In a departure from last year's big transportation bills, state legislatures this session have mostly shied away from increases in funding -- and the higher taxes and fees that come along with them.
Lawmakers in Rhode Island and New Hampshire approved small hikes in their state fuel taxes, and Missouri legislators asked voters to decide in August whether to hike the state's sales tax for transportation projects. But largely, with elections around the corner, most states played it safe. "States are deciding what's politically feasible this year, and what's not going to upset the apple cart too much in an election year," said Sean Slone, a transportation expert with the Council of State Governments.
The limited action this year comes after a burst of activity last year. Legislators in Pennsylvania and Virginia reached breakthroughs after years of failed attempts to shore up infrastructure funding. Maryland, Massachusetts, Ohio, Vermont and Wyoming also passed significant transportation funding measures.
Uncertain federal funding is straining states' transportation budgets. Federal reimbursements to states could start to slow in as little as a month as the account that pays for the bulk of federal highway spending is drawn down. "States have been seeing the writing on the wall for quite a while now that maybe the federal government isn't going to be most reliable partner for the foreseeable future. So they're trying to explore their options," Slone said.
New Hampshire legislators, who voted down a gas tax hike last year, agreed this year to raise fuel taxes for the first time since 1991. The state's per-gallon tax will increase by 4.2 cents starting in July, on top of the current 18-cent rate.
The measure was sold as a way to make up for the gas tax's lost buying power, as gas became more expensive but the rate remained the same. The amount of the tax hike was determined by adjusting for inflation over the last decade. But the law won't adjust for inflation in the future. In fact, the gas tax hike will expire once bonds supported by the new revenue -- which will pay for widening of Interstate 93 -- are retired.
The new money will also be spent on resurfacing projects and shared with municipalities to fix bridges. The law also requires the state to stop collecting tolls on a single turnpike interchange in southern New Hampshire.
Getting rid of tolls was the catalyst for Rhode Island's decision to increase gas tax. Legislators there eliminated a 10-cent toll for the Sakonnet River Bridge that brought howls from local residents. Instead, lawmakers bumped up the state's gas tax by 1 cent a gallon and increased vehicle inspection fees. The law also ties the gas tax rate to inflation in the future.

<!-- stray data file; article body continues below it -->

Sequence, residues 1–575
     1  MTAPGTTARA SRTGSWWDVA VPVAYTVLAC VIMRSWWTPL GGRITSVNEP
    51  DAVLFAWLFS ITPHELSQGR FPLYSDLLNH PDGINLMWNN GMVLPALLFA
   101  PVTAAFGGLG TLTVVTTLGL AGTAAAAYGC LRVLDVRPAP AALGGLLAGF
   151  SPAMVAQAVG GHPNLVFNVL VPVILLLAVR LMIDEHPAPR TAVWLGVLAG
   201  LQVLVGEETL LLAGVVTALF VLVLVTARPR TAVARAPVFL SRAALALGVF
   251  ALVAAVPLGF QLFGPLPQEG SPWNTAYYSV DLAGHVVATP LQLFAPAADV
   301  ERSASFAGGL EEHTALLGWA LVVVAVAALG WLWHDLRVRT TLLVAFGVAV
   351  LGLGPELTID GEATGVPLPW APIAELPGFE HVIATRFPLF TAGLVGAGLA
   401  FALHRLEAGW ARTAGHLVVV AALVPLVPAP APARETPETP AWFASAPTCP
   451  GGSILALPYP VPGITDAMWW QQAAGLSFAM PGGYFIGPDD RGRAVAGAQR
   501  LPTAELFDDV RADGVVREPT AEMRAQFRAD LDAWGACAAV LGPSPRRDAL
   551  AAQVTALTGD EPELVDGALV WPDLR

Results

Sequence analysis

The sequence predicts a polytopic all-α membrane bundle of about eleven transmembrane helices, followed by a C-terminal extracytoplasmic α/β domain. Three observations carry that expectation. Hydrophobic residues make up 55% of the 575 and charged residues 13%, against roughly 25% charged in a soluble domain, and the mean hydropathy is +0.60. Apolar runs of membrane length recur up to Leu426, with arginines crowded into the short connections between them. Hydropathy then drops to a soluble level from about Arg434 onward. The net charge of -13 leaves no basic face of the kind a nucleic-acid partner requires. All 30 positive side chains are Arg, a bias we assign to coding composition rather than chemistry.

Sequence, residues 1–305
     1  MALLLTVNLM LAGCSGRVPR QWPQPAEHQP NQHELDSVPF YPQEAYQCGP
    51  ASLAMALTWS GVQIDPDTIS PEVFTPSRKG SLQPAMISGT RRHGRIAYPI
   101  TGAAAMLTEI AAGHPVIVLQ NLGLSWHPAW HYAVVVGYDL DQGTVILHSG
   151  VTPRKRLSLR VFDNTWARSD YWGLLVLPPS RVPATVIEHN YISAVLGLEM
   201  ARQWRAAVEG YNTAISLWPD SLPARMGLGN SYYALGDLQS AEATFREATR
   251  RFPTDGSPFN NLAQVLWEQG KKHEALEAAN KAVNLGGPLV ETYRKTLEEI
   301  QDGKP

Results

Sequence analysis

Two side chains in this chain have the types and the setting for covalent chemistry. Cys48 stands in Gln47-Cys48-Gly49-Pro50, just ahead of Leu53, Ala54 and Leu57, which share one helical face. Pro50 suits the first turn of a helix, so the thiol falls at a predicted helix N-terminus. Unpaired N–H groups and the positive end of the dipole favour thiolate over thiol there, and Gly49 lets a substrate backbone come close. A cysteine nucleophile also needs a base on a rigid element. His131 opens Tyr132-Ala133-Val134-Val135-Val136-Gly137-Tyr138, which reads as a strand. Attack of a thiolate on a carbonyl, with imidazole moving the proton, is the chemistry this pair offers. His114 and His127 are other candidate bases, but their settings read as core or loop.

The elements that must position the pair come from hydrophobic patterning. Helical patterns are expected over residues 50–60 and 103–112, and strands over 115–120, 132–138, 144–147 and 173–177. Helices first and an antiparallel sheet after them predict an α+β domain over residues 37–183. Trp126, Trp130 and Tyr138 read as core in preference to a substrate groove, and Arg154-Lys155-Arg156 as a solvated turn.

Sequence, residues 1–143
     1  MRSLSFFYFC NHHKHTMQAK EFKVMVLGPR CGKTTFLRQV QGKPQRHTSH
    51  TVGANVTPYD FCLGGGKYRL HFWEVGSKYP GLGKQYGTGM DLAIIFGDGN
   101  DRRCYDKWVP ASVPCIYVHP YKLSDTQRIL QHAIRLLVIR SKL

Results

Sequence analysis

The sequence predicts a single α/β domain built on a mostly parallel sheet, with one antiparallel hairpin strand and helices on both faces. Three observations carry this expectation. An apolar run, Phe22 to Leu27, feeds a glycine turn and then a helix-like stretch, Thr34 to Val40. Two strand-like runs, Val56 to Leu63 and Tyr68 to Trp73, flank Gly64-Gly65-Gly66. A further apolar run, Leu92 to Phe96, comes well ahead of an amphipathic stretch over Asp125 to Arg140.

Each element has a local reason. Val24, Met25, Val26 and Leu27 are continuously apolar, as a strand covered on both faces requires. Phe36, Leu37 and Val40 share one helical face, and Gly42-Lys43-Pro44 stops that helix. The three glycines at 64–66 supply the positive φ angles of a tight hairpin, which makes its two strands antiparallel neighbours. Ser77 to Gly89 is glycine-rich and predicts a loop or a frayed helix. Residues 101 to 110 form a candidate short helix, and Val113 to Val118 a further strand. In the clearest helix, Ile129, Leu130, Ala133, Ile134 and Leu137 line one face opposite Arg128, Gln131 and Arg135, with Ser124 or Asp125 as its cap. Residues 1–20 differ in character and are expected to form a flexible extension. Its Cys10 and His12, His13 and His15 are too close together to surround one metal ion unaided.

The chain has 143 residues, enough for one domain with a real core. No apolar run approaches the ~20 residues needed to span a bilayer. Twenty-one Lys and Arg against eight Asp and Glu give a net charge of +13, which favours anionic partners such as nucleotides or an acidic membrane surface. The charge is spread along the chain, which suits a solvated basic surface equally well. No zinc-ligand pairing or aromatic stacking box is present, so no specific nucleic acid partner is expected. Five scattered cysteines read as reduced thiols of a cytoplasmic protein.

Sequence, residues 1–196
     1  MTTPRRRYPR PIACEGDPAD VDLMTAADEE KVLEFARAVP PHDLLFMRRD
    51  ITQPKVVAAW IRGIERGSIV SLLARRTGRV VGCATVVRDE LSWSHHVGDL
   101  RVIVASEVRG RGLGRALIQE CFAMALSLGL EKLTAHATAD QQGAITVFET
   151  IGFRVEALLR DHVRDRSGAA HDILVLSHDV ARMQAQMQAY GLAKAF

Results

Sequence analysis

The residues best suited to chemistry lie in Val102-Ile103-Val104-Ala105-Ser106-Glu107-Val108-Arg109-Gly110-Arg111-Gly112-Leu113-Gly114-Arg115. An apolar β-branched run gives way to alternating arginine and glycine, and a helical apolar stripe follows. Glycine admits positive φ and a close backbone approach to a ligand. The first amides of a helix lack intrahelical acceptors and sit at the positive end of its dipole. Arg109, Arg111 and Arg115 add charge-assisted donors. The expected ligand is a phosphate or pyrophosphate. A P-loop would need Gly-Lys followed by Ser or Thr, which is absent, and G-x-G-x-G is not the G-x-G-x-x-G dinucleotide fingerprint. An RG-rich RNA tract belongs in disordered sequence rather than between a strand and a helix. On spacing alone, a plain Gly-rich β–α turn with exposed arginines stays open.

Missouri's plan to increase its sales tax by 0.75 percentage points for a decade will be in the hands of the voters in August. The proposal would generate $480 million a year for the state, plus another $54 million for counties and municipalities. The Missouri Department of Transportation named 800 projects it could fund with the additional money, including badly needed repairs on Interstate 70 between Kansas City and St. Louis.
But the measure must clear significant hurdles to make it into law. The first is a lawsuit challenging the description of the measure on the ballot. The second, and more formidable, is timing. Gov. Jay Nixon, a Democrat who opposes the Republican-authored plan, placed the proposal before voters in the August primary, rather than in the November general election. That gives backers of the plan less time to convince voters to approve it. It also means that a smaller, more ideologically driven electorate will decide the fate of the sales tax hike.
Governors in Delaware, Michigan and Washington state tried to increase transportation funding, but failed.
Michigan lawmakers couldn't strike a deal on raising the state gas tax or finding other sources of new road money. In a string of votes that reached late into the night, the state Senate rejected proposals to hike the gas tax by 25 cents a gallon over five years; raise the wholesale gas tax; and ask voters to approve a sales tax hike to boost transportation money.
But Michigan legislators did sign off on short-term relief to help the state transportation department and localities absorb the costs of plowing, salting and patching roads damaged in last winter's harsh weather.
The Oregon Department of Transportation shut down its efforts to build a bridge over the Columbia River for Interstate 5 and a light rail line, because Washington state legislators failed to find money to pay for the northern state's share of the project.
Washington Gov. Jay Inslee, a Democrat, has pushed for additional transportation money, which would include the Columbia River Crossing among other projects, since he took office two years ago. The proposals languished in the state Senate, which is controlled by a coalition of Republicans and renegade Democrats.
Delaware Gov. Jack Markell failed to get a gas tax hike through his state's legislature, even though the chambers there are controlled by fellow Democrats. Markell wanted to increase Delaware's gas tax by 10 cents a gallon, but the proposal went nowhere. After the proposal stalled, Markell's administration announced it would hike weekend tolls along Route 1 to pay for road maintenance and repairs.